Then of course there is the need for regulation support. We have already heard from the noble Baroness, Lady Bowles, about the senior management certification regime. The Banking Standards Board has today published its fourth good practice guidance on regulatory references, based on the principles of proportionality, fairness and consistency, in order to try to make real some of the theory and some of the things that we know are needed in an industry that has struggled in these areas. This is to try to help a profession to renew not only its confidence in itself and public confidence in it but also its sense of pride—the sense that it is possible to do well in an industry whose reputation has been ruined by the last few years, particularly 10 years ago.

The third issue, which has already been mentioned, particularly by the noble Baroness, Lady Coussins, is trustworthiness. This is something that is not legislated for or bought—it is given to an organisation. As was illustrated by my right reverend friend, there is still a long way to go to restore confidence in what is called the banking industry’s social licence to operate; it is still under suspicion. We have moved from a close study of markets that need to work efficiently and effectively for the good of the consumer as well as for business, and we have looked at transparency and ethics, but now there is the heavy work of trustworthiness in relationships, from the biggest picture—we have talked about macroeconomics and the social good of banks—right the way down to the detail of a functioning, profitable and, perhaps we might say today, unsubsidised business.

The values that underpin a healthy society and healthy banks are easily ignored and eroded. The noble Lord, Lord Skidelsky, said very succinctly:

“The capture of culture by the market was made possible by the disappearance of ways of life and habits of thought which had sustained traditional culture. Culture became a market brand dreamt up by entrepreneurs, advertisers and satirists”.

Noble Lords will get the point that the erosion of our ordinary ways of doing things became extreme in the industry, and in some respects it still is.

We have just been discussing the renewal of this building. I am worried that in the refurbishment we might erode our own labels in the Sovereign’s Robing Room that read “Courtesy”, “Religion”, “Generosity”, “Hospitality” and “Mercy”. How often are we able to trip those off our tongue? They were put up there in a vision of a culture that worked for the betterment of others and for the development of an economy that actually worked.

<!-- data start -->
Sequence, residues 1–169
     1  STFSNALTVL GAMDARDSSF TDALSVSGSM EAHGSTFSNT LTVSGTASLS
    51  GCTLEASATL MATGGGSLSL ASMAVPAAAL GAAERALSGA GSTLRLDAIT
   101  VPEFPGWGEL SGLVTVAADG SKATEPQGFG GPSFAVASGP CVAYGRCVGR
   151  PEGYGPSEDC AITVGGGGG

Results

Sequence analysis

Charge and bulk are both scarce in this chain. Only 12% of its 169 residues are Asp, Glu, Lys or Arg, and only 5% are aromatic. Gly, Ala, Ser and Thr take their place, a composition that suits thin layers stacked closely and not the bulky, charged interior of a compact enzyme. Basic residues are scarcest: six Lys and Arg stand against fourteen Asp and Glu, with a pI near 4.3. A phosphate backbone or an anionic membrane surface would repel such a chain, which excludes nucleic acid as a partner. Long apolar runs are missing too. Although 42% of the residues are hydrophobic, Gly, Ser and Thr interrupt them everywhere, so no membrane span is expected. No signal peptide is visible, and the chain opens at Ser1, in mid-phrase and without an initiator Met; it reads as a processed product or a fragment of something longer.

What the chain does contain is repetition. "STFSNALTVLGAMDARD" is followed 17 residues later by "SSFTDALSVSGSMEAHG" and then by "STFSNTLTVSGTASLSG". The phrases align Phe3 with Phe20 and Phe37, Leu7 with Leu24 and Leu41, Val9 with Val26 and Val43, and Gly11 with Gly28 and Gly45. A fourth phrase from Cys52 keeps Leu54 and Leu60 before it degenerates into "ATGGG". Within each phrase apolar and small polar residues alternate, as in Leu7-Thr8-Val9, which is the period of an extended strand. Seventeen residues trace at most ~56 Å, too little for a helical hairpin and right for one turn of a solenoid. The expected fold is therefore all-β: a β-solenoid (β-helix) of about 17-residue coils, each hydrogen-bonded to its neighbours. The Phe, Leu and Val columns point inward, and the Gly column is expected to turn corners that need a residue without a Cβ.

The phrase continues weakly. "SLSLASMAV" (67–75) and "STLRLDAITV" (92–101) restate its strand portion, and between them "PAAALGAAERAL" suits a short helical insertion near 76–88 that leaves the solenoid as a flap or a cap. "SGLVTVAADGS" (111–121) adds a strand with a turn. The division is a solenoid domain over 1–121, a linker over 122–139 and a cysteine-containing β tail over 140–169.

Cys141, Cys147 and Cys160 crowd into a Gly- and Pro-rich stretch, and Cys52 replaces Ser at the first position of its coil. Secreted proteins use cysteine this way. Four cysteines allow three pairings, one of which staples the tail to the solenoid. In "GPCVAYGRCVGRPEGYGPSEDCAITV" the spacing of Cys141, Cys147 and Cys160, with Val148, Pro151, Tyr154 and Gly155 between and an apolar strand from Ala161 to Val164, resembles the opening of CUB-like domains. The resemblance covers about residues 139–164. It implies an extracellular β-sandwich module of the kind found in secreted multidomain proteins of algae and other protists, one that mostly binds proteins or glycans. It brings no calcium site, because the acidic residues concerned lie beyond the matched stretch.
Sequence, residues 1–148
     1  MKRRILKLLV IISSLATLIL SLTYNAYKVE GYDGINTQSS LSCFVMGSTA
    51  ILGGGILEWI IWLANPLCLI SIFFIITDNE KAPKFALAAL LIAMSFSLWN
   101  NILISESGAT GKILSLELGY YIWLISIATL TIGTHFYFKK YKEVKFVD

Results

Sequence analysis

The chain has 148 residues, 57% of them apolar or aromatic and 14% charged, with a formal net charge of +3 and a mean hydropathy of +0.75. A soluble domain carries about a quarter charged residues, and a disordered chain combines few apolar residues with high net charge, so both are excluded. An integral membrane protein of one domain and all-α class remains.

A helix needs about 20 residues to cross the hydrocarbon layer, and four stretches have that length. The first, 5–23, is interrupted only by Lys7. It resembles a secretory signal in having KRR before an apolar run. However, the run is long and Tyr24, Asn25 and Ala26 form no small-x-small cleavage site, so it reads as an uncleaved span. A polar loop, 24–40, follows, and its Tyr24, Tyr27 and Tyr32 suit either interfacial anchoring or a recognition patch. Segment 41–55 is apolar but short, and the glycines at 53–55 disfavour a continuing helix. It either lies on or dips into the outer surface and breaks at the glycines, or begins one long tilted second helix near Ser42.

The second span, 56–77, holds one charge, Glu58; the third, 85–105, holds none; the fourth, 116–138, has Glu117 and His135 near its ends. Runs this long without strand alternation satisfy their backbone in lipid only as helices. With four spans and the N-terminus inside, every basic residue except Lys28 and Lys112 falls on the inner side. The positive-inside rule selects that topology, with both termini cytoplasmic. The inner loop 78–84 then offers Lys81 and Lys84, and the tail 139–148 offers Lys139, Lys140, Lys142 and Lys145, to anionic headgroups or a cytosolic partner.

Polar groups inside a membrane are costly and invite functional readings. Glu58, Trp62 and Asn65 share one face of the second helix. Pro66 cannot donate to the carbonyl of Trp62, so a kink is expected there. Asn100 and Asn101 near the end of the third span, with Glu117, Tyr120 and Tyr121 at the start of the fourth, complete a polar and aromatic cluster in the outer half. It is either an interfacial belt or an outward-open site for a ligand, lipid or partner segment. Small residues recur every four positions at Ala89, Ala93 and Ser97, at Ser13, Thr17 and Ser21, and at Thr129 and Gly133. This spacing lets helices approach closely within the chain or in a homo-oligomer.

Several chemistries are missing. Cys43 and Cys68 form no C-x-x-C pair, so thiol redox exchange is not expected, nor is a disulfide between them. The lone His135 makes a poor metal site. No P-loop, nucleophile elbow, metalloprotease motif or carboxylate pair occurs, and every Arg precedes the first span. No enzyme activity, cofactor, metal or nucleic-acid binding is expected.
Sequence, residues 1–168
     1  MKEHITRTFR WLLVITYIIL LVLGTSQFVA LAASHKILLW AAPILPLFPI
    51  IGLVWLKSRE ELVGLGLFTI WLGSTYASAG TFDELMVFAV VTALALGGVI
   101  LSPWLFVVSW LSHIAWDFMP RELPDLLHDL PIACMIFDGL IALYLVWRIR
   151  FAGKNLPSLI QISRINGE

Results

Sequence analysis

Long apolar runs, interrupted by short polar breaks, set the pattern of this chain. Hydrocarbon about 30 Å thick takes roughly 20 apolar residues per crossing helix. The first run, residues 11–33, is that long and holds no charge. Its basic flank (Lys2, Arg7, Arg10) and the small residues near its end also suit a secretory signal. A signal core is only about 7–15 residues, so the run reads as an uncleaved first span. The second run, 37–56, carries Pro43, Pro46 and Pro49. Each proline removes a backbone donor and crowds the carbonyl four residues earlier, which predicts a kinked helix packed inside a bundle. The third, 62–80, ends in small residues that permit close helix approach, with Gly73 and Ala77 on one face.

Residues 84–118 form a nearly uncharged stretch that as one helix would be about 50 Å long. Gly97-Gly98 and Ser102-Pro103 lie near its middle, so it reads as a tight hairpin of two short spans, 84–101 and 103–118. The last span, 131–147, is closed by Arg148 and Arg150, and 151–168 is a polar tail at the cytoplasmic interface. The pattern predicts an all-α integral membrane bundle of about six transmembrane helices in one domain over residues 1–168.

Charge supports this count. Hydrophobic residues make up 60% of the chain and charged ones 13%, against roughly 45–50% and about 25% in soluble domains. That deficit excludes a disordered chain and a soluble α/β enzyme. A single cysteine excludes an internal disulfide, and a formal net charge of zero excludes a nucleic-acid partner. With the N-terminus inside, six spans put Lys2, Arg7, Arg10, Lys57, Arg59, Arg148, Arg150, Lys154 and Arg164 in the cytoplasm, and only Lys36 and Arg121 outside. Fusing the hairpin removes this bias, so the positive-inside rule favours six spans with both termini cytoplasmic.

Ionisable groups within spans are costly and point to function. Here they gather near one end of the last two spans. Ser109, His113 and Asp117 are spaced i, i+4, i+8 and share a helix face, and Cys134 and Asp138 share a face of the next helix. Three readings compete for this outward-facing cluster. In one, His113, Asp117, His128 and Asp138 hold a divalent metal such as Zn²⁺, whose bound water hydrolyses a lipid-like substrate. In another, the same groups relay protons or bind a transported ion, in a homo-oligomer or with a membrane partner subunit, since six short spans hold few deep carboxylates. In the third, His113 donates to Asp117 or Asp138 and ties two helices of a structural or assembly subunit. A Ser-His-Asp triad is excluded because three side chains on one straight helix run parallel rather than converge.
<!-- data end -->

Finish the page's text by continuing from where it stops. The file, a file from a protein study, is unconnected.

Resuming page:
I have some questions for the Minister. Will Her Majesty’s Government affirm and encourage the soft-power work of the Banking Standards Board alongside the important work of regulations and law? Will they also see that this is not only a matter for one industry singled out but for all of us in terms of how we see ourselves, how we operate and how we understand our wider responsibilities beyond the project or responsibility that we actually have?

I would like to ask another question, especially at this time of introspective and very tense political life. When we have calmed down a bit in the weeks ahead, will Her Majesty’s Government support and encourage a wider debate in which we can think of the wider financial context in which the banking industry sits and the wider needs of society, to rebuild trustworthiness in not just the City but our political and social institutions? As we have already heard, this is about joining up bits of our society that are profoundly fragmented. We do this when we take time, like this, to think more widely and see how we personally are responsible for the things that happen. It gives us the potential to join up law, consumers, exclusion and trustworthiness.

Will that also be part of a courageous intervention in how the objectives of businesses and banks are set? Will responsible investment touch the way that banks operate? Can we see a time when, as society is already telling us, it is not just the bottom line that matters but how the industry, through its investments, affects climate change, or takes responsibility for artificial intelligence? These big areas are difficult to legislate but are fundamental to what people in our society care about. Banks have enormous power and influence in those areas.

I will finish with the words of someone who has already been quoted, the current Governor of the Bank of England. He said that banks must recognise that:

“Only exemplary behaviour can confer … social licence”,

to global financial capitalism. He also stated, more fundamentally:

“Integrity cannot be legislated, and it certainly cannot be bought”.

Only a perspective which takes into account the wider implications of actions can guide proper behaviour.